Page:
And we haven't even gotten to the part that really sucks my brain inside out, which is the market statistics indicating that "women dominated the book market, buying between 70 and 90 percent of all fiction." But there is no mention made in this review (so I'm assuming none is made in the book) of women writing genre fiction--romance, romantic suspense, mysteries, thrillers, and fantasy--which outsell literary fiction by far. It continually amazes me that literary critics consistently use that women-dominated market statistic while ignoring the fact that the vast majority of those sales are genre fiction, for which publishers give out sweat shop advances and to which critics give zero respect.

I recently read a novel that reminded me very much (style-wise) of Colleen's forthcoming Beneath Bone Lake, but Colleen's book is marketed as "romantic suspense" while this in-kind novel written by a man will be called "a thriller with a surprising love story" and marketed as mainstream fiction at thrice the price. The publishing caste system keeps the economic corset tightly laced on the majority of women writers by classifying books as women's fiction, chick lit, hen lit. Are we really going to pretend that Nicholas Sparks is not writing romance novels? Are Jodi Picoult's issue-driven novels less mainstream than John Grisham's? Surely somebody must have noticed that the high-minded stuffed shirts of the publishing industry got a ten-year piggyback ride on the shoulders of two intensely smart women: J.K. Rowling and Oprah Winfrey. Love or hate Sandra Brown, she's pulling the hay wagon that carts the elbow patch crowd to their awards ceremonies. And the only thing separating Meg Cabot from Jane Austen is a blow dryer and six feet of God's green earth.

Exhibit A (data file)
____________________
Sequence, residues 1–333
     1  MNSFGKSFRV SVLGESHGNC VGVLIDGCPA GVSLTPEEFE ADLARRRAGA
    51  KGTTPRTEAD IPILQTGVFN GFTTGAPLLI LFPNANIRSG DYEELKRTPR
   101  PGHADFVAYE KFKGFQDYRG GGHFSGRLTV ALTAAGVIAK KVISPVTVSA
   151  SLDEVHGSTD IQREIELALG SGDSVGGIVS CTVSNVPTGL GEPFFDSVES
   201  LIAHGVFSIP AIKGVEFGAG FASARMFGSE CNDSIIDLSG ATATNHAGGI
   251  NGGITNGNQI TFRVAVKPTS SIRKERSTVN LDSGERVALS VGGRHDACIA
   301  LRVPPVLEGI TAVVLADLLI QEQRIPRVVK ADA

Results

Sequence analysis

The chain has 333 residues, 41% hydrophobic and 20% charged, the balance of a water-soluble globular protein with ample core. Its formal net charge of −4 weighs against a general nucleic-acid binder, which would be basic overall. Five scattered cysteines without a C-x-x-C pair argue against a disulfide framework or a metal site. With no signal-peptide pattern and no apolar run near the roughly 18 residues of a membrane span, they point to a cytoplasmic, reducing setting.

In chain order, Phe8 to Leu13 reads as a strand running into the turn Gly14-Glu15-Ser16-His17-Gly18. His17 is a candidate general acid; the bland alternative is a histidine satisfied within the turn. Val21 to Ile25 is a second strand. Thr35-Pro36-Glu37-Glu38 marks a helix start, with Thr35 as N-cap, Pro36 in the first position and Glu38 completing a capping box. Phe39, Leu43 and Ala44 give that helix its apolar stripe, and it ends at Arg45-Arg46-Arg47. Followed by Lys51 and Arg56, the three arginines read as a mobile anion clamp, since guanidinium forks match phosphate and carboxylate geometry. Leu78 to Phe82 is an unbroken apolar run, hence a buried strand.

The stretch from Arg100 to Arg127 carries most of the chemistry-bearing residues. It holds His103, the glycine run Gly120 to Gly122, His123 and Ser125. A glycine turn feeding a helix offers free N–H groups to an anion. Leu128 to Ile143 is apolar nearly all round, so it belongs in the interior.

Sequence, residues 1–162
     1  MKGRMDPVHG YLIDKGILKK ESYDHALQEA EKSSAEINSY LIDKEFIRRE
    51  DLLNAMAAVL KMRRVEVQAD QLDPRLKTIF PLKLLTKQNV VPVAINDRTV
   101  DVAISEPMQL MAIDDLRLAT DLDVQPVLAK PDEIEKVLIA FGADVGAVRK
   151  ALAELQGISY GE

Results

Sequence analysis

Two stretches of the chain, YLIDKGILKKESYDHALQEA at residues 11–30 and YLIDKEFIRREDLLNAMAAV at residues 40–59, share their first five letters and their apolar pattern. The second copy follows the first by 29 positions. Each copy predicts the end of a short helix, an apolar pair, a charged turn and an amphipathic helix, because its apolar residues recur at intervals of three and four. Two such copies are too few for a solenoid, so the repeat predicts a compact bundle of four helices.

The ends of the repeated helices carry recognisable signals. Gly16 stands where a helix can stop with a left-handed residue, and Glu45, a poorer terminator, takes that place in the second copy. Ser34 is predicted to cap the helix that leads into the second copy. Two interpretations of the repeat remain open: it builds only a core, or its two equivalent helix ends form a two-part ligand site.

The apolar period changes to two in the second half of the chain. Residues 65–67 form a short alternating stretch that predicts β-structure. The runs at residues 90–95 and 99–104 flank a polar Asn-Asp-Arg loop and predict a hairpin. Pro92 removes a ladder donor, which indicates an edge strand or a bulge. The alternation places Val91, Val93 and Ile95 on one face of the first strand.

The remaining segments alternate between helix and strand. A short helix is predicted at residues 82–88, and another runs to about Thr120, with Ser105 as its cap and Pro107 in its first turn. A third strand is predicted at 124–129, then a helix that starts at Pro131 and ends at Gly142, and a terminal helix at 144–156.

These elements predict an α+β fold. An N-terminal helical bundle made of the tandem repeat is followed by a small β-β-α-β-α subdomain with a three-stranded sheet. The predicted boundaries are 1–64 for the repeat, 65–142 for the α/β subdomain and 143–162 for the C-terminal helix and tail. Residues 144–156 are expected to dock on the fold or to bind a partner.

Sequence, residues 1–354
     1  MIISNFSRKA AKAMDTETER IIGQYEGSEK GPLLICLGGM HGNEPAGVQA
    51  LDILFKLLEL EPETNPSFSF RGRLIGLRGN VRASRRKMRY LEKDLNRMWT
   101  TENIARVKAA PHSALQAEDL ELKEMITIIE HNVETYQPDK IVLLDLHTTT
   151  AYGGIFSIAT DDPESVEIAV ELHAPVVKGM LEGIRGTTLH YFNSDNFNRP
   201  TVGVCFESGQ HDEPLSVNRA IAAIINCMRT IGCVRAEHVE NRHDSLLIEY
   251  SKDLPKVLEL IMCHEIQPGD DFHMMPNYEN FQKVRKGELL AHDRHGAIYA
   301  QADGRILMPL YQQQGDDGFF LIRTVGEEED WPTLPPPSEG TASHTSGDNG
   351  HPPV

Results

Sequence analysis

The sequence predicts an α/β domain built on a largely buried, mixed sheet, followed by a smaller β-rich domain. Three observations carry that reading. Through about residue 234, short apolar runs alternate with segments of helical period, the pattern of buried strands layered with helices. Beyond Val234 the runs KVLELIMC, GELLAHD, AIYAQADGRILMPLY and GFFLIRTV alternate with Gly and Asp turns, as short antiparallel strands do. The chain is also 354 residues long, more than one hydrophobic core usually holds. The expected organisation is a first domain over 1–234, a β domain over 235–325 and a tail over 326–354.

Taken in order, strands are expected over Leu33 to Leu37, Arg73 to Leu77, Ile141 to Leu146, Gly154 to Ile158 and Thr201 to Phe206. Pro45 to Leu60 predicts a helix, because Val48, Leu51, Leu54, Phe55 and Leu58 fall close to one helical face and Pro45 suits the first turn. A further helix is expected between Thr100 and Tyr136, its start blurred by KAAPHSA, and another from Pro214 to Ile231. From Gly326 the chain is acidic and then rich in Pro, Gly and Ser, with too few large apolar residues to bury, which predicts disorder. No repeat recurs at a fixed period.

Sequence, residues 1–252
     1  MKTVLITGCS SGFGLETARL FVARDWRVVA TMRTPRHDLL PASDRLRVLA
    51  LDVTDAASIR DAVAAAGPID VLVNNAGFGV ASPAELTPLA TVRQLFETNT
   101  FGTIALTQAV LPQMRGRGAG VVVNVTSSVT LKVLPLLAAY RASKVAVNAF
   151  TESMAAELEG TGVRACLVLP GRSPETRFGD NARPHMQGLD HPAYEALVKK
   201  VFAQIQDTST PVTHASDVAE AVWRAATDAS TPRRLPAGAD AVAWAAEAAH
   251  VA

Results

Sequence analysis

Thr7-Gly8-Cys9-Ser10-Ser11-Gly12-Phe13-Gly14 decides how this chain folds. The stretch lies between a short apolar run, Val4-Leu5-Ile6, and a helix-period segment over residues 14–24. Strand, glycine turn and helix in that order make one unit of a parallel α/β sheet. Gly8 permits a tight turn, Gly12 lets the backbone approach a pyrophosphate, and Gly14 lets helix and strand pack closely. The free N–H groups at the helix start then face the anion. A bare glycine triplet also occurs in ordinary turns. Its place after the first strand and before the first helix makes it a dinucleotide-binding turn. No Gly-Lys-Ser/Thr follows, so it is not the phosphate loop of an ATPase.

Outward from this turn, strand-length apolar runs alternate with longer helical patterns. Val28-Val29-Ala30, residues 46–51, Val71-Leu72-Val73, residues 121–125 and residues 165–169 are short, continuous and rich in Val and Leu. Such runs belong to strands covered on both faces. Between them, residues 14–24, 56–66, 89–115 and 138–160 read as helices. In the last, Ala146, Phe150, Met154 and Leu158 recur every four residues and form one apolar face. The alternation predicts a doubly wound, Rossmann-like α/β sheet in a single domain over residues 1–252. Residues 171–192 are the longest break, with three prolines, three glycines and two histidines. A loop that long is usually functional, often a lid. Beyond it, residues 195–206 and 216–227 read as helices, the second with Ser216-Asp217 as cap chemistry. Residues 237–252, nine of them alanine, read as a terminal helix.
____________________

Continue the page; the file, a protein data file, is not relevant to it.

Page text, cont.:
Reynolds' article concludes:
A Jury of Her Peers does an enormous service, houses a drop-dead reading list and gives the reader a fluid framework for the great (much of it still undiscovered) wealth of writing by women in this country.

It was an excellent review. I'll definitely look for the book. And I'll keep hoping that someday the "undiscovered" women writers who are being read by millions will move from the back of the literary bus into the history books.